Well, one of the most obvious answers is for us to buy more locally and in smaller quantities but that blog post is for another day. Another answer is to get some chickens, a great way to turn your food scraps into eggs.

Or...you could get some worms. That's right worms. These little buggers chow down on kitchen scraps. One pound of worms will eat up to 4 lbs of food a week. They are easy to take care of and produce gold for you with a little amount of care.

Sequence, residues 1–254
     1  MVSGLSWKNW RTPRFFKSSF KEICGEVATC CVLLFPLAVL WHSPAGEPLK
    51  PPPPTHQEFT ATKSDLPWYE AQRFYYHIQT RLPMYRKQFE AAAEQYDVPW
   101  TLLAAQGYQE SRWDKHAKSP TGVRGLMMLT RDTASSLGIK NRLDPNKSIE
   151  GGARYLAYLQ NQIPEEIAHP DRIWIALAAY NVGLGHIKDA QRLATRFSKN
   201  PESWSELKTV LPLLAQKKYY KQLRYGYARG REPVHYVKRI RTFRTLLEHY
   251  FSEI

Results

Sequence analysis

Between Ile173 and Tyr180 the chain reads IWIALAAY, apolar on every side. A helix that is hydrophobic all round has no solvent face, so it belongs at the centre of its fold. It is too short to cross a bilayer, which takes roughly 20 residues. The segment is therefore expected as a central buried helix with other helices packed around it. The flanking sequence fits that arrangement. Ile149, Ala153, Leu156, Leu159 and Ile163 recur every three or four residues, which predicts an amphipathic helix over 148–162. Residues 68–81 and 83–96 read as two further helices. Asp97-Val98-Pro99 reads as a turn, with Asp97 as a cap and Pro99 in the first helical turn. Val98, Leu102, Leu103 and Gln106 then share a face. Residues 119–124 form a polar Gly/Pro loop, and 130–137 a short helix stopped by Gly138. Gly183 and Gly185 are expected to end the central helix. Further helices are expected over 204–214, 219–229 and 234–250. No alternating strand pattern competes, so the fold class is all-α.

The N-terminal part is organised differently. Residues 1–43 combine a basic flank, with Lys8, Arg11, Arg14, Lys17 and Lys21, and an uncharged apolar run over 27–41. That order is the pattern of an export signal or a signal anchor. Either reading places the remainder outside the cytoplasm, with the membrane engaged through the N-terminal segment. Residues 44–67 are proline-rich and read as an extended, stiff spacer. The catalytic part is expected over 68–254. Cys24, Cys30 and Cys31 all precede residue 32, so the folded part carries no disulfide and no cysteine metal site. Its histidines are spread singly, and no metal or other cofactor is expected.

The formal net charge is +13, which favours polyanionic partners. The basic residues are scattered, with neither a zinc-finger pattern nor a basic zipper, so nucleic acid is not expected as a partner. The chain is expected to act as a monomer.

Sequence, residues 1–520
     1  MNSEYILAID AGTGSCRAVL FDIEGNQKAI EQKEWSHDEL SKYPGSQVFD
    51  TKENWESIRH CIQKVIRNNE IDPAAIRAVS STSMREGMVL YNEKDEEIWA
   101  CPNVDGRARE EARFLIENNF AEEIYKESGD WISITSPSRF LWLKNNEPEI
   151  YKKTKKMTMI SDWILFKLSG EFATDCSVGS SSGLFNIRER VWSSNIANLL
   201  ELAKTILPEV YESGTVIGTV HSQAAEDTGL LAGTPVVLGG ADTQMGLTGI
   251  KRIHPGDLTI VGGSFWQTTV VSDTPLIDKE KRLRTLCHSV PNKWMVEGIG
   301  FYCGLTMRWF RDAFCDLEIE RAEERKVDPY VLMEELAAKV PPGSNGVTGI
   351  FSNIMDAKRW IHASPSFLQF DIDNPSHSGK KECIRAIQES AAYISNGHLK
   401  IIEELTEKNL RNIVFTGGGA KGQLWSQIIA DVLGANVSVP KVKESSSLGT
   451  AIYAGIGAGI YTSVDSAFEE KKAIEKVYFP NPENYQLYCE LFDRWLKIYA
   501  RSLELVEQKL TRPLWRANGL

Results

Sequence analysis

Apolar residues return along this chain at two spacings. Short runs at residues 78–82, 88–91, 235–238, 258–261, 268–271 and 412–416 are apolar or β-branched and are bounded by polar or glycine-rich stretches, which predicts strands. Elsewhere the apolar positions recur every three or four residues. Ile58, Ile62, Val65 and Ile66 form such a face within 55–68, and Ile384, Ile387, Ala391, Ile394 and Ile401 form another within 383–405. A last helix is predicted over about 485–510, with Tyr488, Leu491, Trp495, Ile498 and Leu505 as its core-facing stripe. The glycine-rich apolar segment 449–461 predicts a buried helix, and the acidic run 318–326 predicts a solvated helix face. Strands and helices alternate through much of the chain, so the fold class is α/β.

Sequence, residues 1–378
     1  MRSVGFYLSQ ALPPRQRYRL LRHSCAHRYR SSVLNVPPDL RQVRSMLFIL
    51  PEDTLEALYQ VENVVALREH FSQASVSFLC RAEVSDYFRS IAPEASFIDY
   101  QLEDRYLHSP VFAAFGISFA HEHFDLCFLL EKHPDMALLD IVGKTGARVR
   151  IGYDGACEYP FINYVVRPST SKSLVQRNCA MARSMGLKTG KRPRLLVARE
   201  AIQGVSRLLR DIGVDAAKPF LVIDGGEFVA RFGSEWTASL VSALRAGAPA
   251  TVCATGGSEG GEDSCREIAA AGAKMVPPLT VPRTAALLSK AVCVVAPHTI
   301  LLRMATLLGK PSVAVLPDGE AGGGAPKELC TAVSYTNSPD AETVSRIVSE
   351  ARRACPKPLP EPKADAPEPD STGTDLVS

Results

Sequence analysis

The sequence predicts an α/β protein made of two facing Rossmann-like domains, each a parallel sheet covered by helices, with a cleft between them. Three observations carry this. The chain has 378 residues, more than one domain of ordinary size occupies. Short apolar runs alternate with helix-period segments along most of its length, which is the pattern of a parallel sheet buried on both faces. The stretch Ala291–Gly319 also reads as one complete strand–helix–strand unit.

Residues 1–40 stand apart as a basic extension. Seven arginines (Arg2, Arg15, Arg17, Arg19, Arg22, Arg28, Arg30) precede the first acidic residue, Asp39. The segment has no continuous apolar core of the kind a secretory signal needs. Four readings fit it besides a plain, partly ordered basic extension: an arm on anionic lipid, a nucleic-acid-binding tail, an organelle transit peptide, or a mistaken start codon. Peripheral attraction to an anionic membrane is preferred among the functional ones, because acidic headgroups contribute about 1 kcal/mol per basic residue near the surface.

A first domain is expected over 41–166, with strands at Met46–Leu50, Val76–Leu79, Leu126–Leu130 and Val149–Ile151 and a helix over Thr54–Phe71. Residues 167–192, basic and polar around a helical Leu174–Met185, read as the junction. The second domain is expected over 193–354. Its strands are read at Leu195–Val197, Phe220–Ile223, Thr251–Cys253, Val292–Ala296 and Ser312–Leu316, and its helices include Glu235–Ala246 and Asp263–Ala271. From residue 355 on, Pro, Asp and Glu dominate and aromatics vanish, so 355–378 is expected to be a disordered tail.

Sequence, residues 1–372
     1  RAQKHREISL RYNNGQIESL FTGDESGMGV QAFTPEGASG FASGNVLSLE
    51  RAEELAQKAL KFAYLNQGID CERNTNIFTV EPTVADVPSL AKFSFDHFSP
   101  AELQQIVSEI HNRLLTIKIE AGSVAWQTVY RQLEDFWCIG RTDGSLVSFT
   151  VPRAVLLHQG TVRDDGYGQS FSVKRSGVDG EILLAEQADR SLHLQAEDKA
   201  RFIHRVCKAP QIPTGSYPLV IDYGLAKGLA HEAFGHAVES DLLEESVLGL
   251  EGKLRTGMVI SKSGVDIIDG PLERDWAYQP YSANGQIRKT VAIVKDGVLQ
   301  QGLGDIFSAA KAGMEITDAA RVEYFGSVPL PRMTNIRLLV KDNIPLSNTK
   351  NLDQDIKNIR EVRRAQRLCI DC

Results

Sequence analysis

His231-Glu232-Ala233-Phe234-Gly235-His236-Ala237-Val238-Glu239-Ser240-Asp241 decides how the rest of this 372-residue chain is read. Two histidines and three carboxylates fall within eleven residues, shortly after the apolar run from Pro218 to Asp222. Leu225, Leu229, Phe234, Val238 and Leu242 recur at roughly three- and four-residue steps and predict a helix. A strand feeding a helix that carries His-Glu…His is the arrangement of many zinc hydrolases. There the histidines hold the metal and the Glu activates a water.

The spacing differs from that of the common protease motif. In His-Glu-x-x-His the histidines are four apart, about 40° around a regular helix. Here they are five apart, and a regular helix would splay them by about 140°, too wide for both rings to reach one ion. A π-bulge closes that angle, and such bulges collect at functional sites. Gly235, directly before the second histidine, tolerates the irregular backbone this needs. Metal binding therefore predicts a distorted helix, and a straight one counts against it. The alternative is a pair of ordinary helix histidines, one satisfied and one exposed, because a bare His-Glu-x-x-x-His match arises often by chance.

"Gold!" you question me. "I don't believe you." Well, in my opinion they produce a resource more valuable than gold. You can use worm castings (a pc way of saying worm poo) as a super booster for your garden. It's wonderful to apply as a fertilizing mulch around the base of your plants. It is especially good for those nutrient hungry ones, such as tomatoes. Just make sure you don't put it right up against the plant stem. It can also be used to amend your garden soil and as a fertilizer in potting mix or to fertilize your household plants. One of my favorite ways to use worm castings is as a compost tea. Compost tea is easy to make and use. Simply add 1-2" of compost to your water can or rain barrel. Allow compost and water to "steep" for a day, mixing occasionally. Then water plants as you normally would. The resulting "tea" helps make nutrients already in the soil available to plants. And is great as a quick pick-me-up for your plants. A word of warning though, don't use this "tea" on really hot days, it could burn plants if it gets directly on their leaves. Use it early in the morning or on overcast days.